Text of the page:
Welcome to the Treehouse Community

Want to collaborate on code errors? Have bugs you need feedback on? Looking for an extra set of eyes on your latest project? Get support with fellow developers, designers, and programmers of all backgrounds and skill levels here with the Treehouse Community! While you're at it, check out some resources Treehouse students have shared here.

Looking to learn something new?

Treehouse offers a seven day free trial for new students. Get access to thousands of hours of content and join thousands of Treehouse students and alumni in the community today.

Start your free trial

General Discussion

daniel zaragoza
daniel zaragoza
1,843 Points

Is this normal? or I am over re-acting?

Here is my dilemma, I'm doing the Javascript track and I'm already on the function section, up to this point I have over 13 pages of just pure notes. I go over my notes from time to time to make sure I understand it and to keep the material fresh on my mind. The issue is that when it comes time to put it all together for the final code challenge: Ex(Create a random number program that produces two different random numbers). I really have a hard time and it's really frustrating to the point that I find myself cursing at the computer screen. Do you guys have any suggestion as to what I can do to help me get over this hump? Thank in advance!!!

4 Answers

Brendan Whiting
.a{fill-rule:evenodd;}techdegree seal-36
Brendan Whiting
Front End Web Development Techdegree Graduate 84,736 Points

Dealing with bugs and errors is the process, you need to make peace with it. Treehouse's challenge widgets can be frustrating because they give you vague error messages ("Bummer! Didn't get the right output."), so it can help to try your code out in a different environment where you get more detailed error messages about what's wrong. If you're stumped, post your attempt to the forum, then walk away and do something else, and when you come back someone will probably have posted an answer.

jason chan
jason chan
31,009 Points

It takes time to understand the concepts. Always try to put the code in your own words.

Nicholas Grenwalt
Nicholas Grenwalt
46,626 Points

The learning curve is definitely real. I think we've all been there. Definitely try to make sure you aren't rushing through the material too fast without grasping the concepts. Have the JS Docs open on a tab and if you aren't sure what the instructor is saying do your own side research on it real quick before you move on. As for challenges in particular, I find that the best hints for them are when you click the "check" button without even touching any of the code whatsoever. lol But do that sparingly, learning to struggle and find the answers yourself truly is a huge part of programming. And like Brendan had mentioned, the forum is an invaluable resource. It has a bunch of great people willing to help.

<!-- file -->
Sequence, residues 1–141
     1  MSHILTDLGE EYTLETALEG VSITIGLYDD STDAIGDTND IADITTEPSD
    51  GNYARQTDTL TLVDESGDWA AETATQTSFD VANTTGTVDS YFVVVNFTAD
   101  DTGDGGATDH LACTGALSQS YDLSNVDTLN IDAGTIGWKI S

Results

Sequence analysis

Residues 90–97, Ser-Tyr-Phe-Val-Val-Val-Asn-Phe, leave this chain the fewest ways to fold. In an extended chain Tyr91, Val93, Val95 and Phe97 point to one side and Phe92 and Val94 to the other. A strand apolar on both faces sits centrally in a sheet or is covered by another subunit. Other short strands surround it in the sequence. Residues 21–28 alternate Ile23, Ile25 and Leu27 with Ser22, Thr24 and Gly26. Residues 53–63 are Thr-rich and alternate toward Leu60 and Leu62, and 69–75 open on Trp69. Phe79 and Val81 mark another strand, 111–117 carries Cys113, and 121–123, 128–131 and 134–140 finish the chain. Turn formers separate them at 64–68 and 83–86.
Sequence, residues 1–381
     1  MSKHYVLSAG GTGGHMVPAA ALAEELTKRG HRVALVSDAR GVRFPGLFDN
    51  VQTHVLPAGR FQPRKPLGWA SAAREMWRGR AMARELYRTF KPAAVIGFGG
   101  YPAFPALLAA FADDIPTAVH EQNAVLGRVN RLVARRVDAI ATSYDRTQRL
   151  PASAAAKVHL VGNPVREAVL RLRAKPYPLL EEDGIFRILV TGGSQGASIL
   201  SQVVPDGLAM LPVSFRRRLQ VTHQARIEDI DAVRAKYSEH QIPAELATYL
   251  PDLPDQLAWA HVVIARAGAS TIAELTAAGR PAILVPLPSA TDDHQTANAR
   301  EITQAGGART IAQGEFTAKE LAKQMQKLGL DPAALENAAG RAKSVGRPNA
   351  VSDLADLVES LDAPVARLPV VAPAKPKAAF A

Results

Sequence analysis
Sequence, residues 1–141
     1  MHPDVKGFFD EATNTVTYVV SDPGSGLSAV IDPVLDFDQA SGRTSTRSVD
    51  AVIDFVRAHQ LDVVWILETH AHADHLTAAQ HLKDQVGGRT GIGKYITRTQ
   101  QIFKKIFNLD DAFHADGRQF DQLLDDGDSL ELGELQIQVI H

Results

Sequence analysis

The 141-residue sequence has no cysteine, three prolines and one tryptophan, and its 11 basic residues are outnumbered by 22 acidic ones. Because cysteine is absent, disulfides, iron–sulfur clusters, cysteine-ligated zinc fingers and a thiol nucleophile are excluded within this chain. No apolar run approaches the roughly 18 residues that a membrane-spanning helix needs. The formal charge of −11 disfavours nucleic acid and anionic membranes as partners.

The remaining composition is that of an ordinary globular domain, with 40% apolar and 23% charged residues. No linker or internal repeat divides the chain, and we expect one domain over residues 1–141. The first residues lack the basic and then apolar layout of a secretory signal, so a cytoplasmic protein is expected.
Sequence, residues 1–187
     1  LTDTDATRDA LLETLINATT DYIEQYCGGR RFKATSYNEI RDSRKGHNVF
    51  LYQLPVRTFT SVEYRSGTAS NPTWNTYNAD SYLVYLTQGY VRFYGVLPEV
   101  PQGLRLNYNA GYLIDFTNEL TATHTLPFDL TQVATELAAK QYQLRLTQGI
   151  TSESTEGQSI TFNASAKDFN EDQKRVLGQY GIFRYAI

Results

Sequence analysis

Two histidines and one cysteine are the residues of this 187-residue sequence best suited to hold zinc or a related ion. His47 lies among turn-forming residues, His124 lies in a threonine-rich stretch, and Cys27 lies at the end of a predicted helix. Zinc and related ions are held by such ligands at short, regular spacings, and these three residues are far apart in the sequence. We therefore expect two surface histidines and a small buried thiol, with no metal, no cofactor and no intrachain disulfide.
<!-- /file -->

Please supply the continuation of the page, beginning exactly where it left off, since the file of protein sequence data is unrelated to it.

P.S. If you ever are completely stuck, copy the code challenge text and paste it straight into a Google search and you can usually find a link for a Treehouse member who has struggled with the same challenge and has already posted about it.

christopher walsh
christopher walsh
7,272 Points

as for note taking, theres a lot of resources on the internet for either reading articles and tutorials or code snippets and syntax. You are making it harder on yourself. I recommend "JavaScript and JQuery: Interactive Front-End Web Development". Instead of taking notes, read the first couple of chapters over and over until they're almost memorized!


for the javascript challenges on treehouse, Ive noticed that specific teacher makes very confusing challenges. I also felt, I couldn't get the code to work in workspaces. do not get hung up on a challenge here or there.

I find that by learning swift, I'm learning the programming concepts faster, and I'm sure when I come back to javascript, things will make more since. If you are having a too hard of a time, I recommend choosing another programming language thats more fun for you, to learn the concepts and then return to javascript. or even learn about variables, methods, etc, in the other languages; and then return to javascript.